I cannot help thinking that there is some corrolation between a tension on the hyo-glossus and the tension of the muscles that connect from the thyroid cartilage and tongue to the palate has an influence on the ease and production of a higher pitch especially with thicker vocal fold involvement.

Yes it is without a doubt it is the cricothyroid muscle that tilts the larynx and stretches the vocal folds but an upward tension on the back of the thyroid cartilage can do nothing other than help this movement.

In my opinion this only has an effect on the initial quality of vocal fold vibration. The rest has to do with acoustical properties, resonant strategies, Formant clustering and such.

In other words. Training. Vowel,Pitch,intensity. Support. Swinging your cat around the room and matching the sound. Prosody of song. ............... :)

My use of the term tension was not to imply forced tension of any kind, just involvement.

I am not a teacher. Just speaking on something that got stuck in my mind. My logic has proven to be flawed before. Do not let me lead you down a wrong path.

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Is this Steve Perry performance example of Feuchtinger techniques? Through working on this song I've found that the only way I can sing some of these vowels in a lighter configuration is to keep the mouth more closed (Feuchtinger says to not open mouth more than width of thumb) - and a concave tongue. You can see Steve Perry doing this in this video. Go to 2:32 where you can clearly see his tongue position:

LifewaveGlutathionePlusPatches

Like Tony O'Hora says, these Journey songs can be really difficult using a louder, heavier approach. I can attest to that. I'm sure Steve Perry didn't study the Feuchtinger techniques, but somehow he either was told to do this or stumbled on it through trial and error. (By the way this is a great example of how good Steve Perry was back then - able to deliver a rather flawless live performance with nearly perfect pitch.)

Good point, even as it proves me wrong in another post, in another thread, where I said you could go ahead and belt a Journey song if that is how your voice works. I am reminded of the interview that Enigma posted in another thread. Where SP actually talks about how he sings. Now, who would want to read that when we experts really know what's going on? What could Steve possibly know?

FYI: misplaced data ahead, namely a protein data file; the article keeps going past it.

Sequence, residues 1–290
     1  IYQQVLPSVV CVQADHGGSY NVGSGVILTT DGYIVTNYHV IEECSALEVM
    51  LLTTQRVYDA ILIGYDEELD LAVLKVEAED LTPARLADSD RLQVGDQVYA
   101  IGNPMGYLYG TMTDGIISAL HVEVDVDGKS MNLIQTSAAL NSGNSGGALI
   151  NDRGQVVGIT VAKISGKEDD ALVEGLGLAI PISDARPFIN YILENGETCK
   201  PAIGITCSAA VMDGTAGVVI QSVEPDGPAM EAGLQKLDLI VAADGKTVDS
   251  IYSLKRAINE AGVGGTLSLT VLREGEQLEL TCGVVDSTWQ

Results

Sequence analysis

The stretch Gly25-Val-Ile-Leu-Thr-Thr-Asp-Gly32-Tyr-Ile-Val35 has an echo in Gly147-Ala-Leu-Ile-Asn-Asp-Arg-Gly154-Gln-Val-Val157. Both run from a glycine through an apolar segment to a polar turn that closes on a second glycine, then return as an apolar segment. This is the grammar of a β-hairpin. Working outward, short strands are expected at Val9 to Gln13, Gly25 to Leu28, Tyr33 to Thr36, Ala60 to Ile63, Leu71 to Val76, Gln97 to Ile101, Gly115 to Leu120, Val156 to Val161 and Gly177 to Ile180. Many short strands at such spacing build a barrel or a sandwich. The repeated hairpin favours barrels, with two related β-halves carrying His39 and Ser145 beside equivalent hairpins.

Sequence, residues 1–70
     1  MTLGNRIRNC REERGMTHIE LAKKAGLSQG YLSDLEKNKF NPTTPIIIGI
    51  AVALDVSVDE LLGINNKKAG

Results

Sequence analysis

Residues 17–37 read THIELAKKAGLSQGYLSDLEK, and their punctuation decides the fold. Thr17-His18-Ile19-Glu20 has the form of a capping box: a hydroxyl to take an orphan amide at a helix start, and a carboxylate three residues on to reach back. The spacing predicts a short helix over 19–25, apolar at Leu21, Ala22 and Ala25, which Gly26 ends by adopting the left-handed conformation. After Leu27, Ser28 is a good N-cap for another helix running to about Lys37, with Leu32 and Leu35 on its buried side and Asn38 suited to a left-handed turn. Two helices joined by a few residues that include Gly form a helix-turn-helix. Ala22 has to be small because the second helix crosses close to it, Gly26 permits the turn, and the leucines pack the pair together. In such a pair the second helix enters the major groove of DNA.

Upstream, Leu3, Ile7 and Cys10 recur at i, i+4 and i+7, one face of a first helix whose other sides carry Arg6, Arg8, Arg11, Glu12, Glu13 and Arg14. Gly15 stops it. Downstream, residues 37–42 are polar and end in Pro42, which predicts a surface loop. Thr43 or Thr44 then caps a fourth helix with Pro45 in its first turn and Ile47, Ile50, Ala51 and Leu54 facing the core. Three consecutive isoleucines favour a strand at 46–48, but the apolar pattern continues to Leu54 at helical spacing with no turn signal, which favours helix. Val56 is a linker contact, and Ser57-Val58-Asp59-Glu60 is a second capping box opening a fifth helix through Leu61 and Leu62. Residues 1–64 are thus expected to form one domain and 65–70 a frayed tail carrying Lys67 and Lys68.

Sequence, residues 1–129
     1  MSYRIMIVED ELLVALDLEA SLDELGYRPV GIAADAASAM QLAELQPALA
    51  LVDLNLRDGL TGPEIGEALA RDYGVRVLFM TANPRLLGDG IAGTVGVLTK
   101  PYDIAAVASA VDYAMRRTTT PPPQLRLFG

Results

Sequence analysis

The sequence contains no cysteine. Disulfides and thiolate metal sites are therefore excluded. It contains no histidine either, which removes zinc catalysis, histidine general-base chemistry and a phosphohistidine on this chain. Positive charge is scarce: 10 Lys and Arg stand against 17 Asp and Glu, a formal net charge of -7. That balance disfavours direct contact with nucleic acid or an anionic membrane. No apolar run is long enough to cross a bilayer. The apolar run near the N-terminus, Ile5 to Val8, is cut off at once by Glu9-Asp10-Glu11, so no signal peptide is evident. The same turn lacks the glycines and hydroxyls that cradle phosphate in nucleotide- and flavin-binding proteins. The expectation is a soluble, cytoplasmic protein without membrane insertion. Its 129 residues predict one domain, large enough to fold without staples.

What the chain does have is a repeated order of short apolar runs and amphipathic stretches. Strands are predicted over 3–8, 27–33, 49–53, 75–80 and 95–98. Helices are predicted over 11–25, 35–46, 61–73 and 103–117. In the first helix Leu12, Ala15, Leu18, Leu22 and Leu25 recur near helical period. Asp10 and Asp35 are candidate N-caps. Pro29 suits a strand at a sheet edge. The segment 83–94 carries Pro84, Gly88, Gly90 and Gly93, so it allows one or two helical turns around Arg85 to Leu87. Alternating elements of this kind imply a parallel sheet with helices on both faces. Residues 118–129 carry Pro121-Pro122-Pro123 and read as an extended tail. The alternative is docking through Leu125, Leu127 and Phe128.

Except that he sang the songs. And became the voice that others spend years trying to copy. And I think his insight is valuable.

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I have to admit it is hard for me to follow all these terms about tongue muscles that I am not used to.

However it is interesting about the Groove. Last week I was have an issue with a vowel on G4 and was able to correct by using Tony O'Hora's advice of not opening the mouth so much, and I ended up putting a groove in my tongue and kept it low towards the back of my mouth. That worked like a charm. I was just experimenting - trial and error. Then I read this stuff about Feuchtinger and the groove, and also he says your mouth shouldn't be open more than the width of your thumb. His info is exactly how I fixed the problem I was having.

and then you got Tamplin's method that says open your mouth wide.

Lots of conflicting info out there.

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and then you got Tamplin's method that says open your mouth wide.

Lots of conflicting info out there.

Well that's just it. For operatic bel canto vocal production, which is really based on being able to fill a concert hall, you are going volume and max resonance. I love Ken Tamplin and how he has helped me expand my range. And bel canto methods are similar to my previous classical training. Unfortunately, I couldn't sing a Journey song without belting it. I was either in Curbing or Overdrive, which drives you to only a few vowel choices.

But when I try to do a song like Faithfully or Open Arms, I just don't want to belt it. I need to do this in Neutral, which offers more vowel choices in the range of E4 to B4 which is the typical Journey tessatura. Steve Perry is not belting it out - he is mostly in Neutral. To sing some of these vowels at these pitches I found that the only way to do it was with a curved tongue, and smaller mouth opening, like what Tony O'Hora advocates. It is certainly different than any of my training in the past. It's like I found a piece of the puzzle which I was missing all these years.

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Well that's just it. For operatic bel canto vocal production, which is really based on being able to fill a concert hall, you are going volume and max resonance. I love Ken Tamplin and how he has helped me expand my range. And bel canto methods are similar to my previous classical training. Unfortunately, I couldn't sing a Journey song without belting it. I was either in Curbing or Overdrive, which drives you to only a few vowel choices.

But when I try to do a song like Faithfully or Open Arms, I just don't want to belt it. I need to do this in Neutral, which offers more vowel choices in the range of E4 to B4 which is the typical Journey tessatura. Steve Perry is not belting it out - he is mostly in Neutral. To sing some of these vowels at these pitches I found that the only way to do it was with a curved tongue, and smaller mouth opening, like what Tony O'Hora advocates. It is certainly different than any of my training in the past. It's like I found a piece of the puzzle which I was missing all these years.

My whole point in starting this thread. A piece of the puzzle that when mentioned in the past ended up being glossed over because the way to describe it was a muscle movement and Feuchtinger.

Feuchtinger may have put too much importance on this but it has its place and is used by other programs just not pointed out in this manner.